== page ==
Abstract Title

Helping students beat the odds: Large scale Freshman Research Initiative improves student performance and persistence in the sciences

Presenter Name

Jessica Hartos, PhD

Abstract

Purpose: The U.S. is not producing enough graduates in STEM (science-technology-engineering-math) fields to meet current and projected needs. The Freshmen Research Initiative (FRI) is a large-scale undergraduate research program that involves students at the University of Texas at Austin (UT) in authentic research in the areas of biology, chemistry, physics, computer science, astronomy, and math beginning early in their undergraduate career. The purpose of this study was to assess the efficacy of FRI in improving undergraduate student persistence and success in the sciences.

Methods: Using data from 2006 to 2012, we assessed whether participation in FRI showed differences in passing gateway courses, accumulating credit, remaining in academic track, maintaining adequate GPAs, and obtaining a degree. Multiple logistic regression analyses with adjusted odds ratios (AORs) were conducted to determine any significant differences in outcomes between FRI participants and all other students in their CNS entering freshman cohort after adjusting for demographic characteristics, college preparedness, and participation in other college programs.

Results: Differences in demographic characteristics, college preparedness, and participation in other college programs were found between FRI participants and non-FRI participants. However, after adjusting for all factors related to demographic characteristics, college preparedness, and participation in other college programs, FRI participants were significantly more likely to have desired outcomes such as having a GPA ≥ 3.0 and graduating with a science degree within four years and were significantly less likely to have undesired outcomes such as having a GPA < 2.0 and failing science classes.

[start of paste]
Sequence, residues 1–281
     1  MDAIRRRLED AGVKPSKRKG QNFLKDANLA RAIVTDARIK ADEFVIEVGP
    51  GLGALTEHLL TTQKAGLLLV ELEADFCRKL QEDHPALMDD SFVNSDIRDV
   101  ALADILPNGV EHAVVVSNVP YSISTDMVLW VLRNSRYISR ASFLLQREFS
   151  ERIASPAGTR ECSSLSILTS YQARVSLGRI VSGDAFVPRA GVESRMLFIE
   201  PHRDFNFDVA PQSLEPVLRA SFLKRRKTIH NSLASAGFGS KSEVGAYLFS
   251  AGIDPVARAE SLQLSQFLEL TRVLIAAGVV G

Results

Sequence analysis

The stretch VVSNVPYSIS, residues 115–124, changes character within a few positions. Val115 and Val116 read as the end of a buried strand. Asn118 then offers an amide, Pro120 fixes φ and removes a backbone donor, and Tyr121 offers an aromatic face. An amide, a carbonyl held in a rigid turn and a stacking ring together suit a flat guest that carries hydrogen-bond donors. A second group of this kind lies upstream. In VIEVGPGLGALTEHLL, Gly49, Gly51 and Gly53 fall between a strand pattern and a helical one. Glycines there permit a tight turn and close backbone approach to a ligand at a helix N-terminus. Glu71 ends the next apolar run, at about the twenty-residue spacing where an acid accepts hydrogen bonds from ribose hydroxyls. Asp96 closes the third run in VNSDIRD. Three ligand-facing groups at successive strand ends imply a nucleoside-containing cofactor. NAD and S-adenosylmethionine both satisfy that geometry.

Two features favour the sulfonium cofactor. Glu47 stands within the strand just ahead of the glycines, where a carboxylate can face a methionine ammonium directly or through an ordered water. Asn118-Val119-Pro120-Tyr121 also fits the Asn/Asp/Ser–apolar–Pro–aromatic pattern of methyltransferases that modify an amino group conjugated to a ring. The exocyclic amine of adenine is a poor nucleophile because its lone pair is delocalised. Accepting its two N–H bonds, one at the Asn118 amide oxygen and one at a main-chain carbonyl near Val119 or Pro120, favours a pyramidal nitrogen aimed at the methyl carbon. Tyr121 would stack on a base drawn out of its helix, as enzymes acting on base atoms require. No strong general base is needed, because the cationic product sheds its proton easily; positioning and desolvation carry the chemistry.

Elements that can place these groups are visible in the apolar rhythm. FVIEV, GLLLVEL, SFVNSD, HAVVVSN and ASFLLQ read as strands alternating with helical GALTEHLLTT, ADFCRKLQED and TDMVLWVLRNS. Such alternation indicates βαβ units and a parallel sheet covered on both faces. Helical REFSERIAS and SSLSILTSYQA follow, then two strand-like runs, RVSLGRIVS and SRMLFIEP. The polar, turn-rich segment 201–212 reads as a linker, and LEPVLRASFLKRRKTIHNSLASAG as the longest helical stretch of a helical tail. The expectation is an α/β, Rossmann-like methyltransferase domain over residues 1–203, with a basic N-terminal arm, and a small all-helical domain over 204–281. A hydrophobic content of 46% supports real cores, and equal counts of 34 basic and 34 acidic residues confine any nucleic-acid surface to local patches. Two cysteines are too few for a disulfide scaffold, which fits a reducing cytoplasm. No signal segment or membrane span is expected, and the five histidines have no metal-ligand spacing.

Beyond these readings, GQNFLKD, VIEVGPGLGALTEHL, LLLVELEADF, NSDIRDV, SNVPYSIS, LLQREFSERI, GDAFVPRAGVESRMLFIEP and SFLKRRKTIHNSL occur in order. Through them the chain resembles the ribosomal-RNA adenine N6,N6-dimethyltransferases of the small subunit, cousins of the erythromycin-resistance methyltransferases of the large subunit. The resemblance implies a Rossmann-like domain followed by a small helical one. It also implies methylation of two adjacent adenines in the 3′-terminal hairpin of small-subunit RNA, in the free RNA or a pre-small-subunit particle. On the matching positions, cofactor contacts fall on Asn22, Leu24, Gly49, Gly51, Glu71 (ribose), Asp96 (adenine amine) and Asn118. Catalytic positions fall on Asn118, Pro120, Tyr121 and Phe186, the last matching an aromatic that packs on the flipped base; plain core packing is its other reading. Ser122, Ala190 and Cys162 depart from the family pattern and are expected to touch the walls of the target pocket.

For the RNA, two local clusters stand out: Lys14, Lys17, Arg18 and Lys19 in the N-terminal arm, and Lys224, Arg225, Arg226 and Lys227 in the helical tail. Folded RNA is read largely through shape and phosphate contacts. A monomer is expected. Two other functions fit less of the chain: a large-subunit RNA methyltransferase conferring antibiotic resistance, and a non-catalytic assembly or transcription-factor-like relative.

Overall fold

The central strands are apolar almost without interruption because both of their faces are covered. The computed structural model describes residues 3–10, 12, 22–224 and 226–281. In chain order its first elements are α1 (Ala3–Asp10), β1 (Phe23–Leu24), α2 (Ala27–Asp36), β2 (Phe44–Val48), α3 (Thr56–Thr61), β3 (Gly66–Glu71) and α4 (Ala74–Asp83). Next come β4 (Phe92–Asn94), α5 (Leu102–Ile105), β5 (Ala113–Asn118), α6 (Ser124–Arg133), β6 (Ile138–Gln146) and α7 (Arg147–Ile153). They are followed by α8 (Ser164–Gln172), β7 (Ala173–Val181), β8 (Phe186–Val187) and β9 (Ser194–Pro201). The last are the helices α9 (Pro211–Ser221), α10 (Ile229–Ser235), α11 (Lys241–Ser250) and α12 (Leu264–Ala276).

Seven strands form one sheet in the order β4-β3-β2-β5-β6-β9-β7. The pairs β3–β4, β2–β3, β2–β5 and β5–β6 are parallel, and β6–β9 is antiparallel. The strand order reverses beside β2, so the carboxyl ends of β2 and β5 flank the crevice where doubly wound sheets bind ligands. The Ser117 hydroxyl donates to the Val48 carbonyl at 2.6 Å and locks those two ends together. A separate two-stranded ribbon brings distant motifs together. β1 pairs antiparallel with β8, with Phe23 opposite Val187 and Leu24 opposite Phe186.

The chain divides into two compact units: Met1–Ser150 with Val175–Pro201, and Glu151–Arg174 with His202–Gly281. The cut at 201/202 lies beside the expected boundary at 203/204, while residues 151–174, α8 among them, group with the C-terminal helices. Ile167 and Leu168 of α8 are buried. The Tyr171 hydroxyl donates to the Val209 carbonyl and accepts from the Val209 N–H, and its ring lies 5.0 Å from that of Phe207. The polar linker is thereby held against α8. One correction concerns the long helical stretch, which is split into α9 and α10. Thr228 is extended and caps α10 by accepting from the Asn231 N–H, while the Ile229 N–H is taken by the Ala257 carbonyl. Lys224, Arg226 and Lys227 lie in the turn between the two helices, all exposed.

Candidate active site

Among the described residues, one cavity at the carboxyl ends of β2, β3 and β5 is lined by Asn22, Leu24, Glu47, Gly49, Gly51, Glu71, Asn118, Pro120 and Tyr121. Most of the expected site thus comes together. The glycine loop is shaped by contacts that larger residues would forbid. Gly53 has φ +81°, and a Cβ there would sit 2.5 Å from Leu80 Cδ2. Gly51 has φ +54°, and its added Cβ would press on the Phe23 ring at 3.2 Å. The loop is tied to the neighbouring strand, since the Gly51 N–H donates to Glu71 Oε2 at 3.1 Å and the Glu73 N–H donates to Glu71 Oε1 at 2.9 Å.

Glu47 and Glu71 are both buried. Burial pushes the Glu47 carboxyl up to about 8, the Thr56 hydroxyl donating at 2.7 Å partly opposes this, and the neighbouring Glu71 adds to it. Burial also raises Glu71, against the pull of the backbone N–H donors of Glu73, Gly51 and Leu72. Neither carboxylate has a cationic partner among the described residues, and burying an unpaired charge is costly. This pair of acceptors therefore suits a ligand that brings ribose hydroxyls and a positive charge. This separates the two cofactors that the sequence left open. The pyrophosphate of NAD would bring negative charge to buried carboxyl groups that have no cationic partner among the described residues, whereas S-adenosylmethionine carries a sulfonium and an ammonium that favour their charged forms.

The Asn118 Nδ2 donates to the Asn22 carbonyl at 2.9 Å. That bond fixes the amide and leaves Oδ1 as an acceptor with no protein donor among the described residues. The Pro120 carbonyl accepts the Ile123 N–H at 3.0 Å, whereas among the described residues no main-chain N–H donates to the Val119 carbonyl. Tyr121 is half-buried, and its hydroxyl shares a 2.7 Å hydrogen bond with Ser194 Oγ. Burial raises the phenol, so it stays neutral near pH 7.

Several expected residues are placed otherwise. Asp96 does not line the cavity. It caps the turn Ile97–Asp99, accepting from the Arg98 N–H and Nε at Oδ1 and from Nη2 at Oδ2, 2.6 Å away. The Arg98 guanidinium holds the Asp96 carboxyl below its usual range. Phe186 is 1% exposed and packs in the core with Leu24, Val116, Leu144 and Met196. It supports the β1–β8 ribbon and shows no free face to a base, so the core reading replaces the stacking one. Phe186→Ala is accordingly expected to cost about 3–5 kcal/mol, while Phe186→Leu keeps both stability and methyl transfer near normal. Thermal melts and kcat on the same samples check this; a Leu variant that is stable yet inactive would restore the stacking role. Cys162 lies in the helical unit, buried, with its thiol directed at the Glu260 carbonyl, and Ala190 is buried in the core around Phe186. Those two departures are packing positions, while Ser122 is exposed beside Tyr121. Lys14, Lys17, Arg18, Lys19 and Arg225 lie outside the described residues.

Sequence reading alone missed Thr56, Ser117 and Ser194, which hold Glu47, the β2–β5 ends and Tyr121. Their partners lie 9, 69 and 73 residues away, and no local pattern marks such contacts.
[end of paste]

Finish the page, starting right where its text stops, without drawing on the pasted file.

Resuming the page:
Conclusions: The results indicate that FRI participation was related to improved undergraduate student persistence and success in the sciences. Programs like FRI may help students overcome risk factors such as lack of college preparedness and underrepresented status, and, thus, address our national shortage of STEM graduates.

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Helping students beat the odds: Large scale Freshman Research Initiative improves student performance and persistence in the sciences

Purpose: The U.S. is not producing enough graduates in STEM (science-technology-engineering-math) fields to meet current and projected needs. The Freshmen Research Initiative (FRI) is a large-scale undergraduate research program that involves students at the University of Texas at Austin (UT) in authentic research in the areas of biology, chemistry, physics, computer science, astronomy, and math beginning early in their undergraduate career. The purpose of this study was to assess the efficacy of FRI in improving undergraduate student persistence and success in the sciences.

Methods: Using data from 2006 to 2012, we assessed whether participation in FRI showed differences in passing gateway courses, accumulating credit, remaining in academic track, maintaining adequate GPAs, and obtaining a degree. Multiple logistic regression analyses with adjusted odds ratios (AORs) were conducted to determine any significant differences in outcomes between FRI participants and all other students in their CNS entering freshman cohort after adjusting for demographic characteristics, college preparedness, and participation in other college programs.

Results: Differences in demographic characteristics, college preparedness, and participation in other college programs were found between FRI participants and non-FRI participants. However, after adjusting for all factors related to demographic characteristics, college preparedness, and participation in other college programs, FRI participants were significantly more likely to have desired outcomes such as having a GPA ≥ 3.0 and graduating with a science degree within four years and were significantly less likely to have undesired outcomes such as having a GPA < 2.0 and failing science classes.

Conclusions: The results indicate that FRI participation was related to improved undergraduate student persistence and success in the sciences. Programs like FRI may help students overcome risk factors such as lack of college preparedness and underrepresented status, and, thus, address our national shortage of STEM graduates.